I’ll confess that I didn’t know much about the statistics of egg freezing and warming (the latter being when you attempt to use your eggs to get pregnant). I think I was afraid that if I did too much research and over analyzed it, then I wouldn’t do it, so I just went for it.
That made me feel proud of myself, and even empowered in a way. I was taking control of my life. This was the next logical step for me, and it felt like freezing my eggs was an insurance policy.
The process was emotional, but I held it together and got through it all on my own (just like a strong Gen X woman!). When it was finally over, I felt a sense of relief.
Now there is a decision on the horizon, as the bill will soon be arriving for next year’s annual payment to continue keeping my eggs frozen. I can choose to pay the bill, continue buying myself time and leave my options open, or I can end the only possibility I may have for my own biological child and that traditional dream of having a family.
Since I’ve already invested so much financially, and I haven’t completely given up on meeting the right person to possibly have a child with, my heart is telling me to pay it for another year.
Although I have to admit, I’m starting to reach the point where I’m thinking children may not be part of the plan for me. And that’s a bit hard to say out loud.
Maybe that’s just the impact of my most recent online dating experience (don’t ask), but there’s also the reality of my age. I’m well aware of the statistics around pregnancy, and the greater risks in my forties. A surrogate may be an option, but that’s quite expensive. I don’t want to get ahead of myself, but I need to consider these things too.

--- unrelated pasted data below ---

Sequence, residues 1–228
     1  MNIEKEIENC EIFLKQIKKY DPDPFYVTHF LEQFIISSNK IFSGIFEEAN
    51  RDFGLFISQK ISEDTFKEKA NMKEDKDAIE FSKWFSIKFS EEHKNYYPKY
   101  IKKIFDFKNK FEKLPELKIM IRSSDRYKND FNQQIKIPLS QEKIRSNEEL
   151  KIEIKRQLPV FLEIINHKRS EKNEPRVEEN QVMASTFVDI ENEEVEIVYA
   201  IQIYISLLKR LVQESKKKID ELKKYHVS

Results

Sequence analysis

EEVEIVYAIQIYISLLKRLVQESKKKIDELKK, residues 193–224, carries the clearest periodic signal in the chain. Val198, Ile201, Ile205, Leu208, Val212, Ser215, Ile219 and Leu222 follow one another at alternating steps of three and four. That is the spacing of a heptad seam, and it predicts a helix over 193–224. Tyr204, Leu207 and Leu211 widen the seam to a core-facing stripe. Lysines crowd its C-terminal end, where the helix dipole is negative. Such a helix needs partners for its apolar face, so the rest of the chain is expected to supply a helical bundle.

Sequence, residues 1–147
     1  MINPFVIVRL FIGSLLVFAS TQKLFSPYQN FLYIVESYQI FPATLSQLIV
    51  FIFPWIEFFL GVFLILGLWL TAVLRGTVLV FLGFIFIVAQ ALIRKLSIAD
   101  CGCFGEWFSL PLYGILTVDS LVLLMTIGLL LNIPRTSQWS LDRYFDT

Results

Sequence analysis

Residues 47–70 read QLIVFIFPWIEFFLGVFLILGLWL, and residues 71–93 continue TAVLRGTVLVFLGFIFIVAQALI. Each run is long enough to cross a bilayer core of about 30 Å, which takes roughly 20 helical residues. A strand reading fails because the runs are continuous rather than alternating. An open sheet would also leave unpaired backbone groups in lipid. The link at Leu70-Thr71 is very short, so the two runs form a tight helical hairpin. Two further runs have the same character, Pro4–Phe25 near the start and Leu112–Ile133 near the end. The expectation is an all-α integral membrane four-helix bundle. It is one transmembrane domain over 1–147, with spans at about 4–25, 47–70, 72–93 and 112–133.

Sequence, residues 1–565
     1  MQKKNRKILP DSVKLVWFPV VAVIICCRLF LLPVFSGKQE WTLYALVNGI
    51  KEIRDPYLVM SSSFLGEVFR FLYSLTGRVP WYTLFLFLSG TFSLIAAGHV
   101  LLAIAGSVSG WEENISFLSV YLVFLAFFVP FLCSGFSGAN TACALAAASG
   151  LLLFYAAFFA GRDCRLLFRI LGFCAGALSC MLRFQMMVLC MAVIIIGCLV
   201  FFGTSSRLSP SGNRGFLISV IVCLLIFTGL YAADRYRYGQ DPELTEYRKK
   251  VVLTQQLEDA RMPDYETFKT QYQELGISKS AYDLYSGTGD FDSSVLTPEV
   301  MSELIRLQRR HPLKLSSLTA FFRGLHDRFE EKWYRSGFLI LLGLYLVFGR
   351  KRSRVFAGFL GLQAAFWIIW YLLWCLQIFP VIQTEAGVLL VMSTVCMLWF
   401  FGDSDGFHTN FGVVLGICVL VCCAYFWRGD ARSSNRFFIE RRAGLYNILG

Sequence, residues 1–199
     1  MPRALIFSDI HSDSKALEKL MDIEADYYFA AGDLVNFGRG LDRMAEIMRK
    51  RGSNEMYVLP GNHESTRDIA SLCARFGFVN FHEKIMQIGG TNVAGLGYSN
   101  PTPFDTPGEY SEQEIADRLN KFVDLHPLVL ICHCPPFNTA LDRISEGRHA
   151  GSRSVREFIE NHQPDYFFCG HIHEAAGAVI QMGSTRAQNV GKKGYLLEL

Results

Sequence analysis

I’m still open to the option of having children. I don’t know where I’ll be at this time next year, but I predict that the year ahead will be full of soul searching and new experiences.
What brings me comfort is that either way, I know I’ll be ok. Gen X women are strong and resilient. And I’m proud of that.
Choose Your Own Path
Whether you continue to pay the bill, decide children aren’t in your future, or you warm your eggs and decide to go for it, it’s your decision.
It’s your decision as to what you want your future to be, and I support all the Gen X women who are facing life-changing choices like this. If that’s where you are right now, know that you’re not alone, and that things will work out as they are meant to.
My personal journey has shown me that having “it all” is whatever I want it to be. And I know what that means right now. I’m going to keep enjoying my life, and the freedom and flexibility that I have to the fullest. Whatever happens, I know that deciding not to have children doesn’t make me ‘selfish’.
Even though I don’t know what the future holds, I focus on what I can control, because as a Gen X woman, I live life on my own terms, and I make my own decisions.
Jennifer Aniston – a strong, formidable Gen X woman herself – once wrote, “We are complete with or without a mate, with or without a child…. That decision is ours and ours alone…. We don’t need to be married or mothers to be complete. We get to determine our own “happily ever after” for ourselves.”
I couldn’t agree with her more!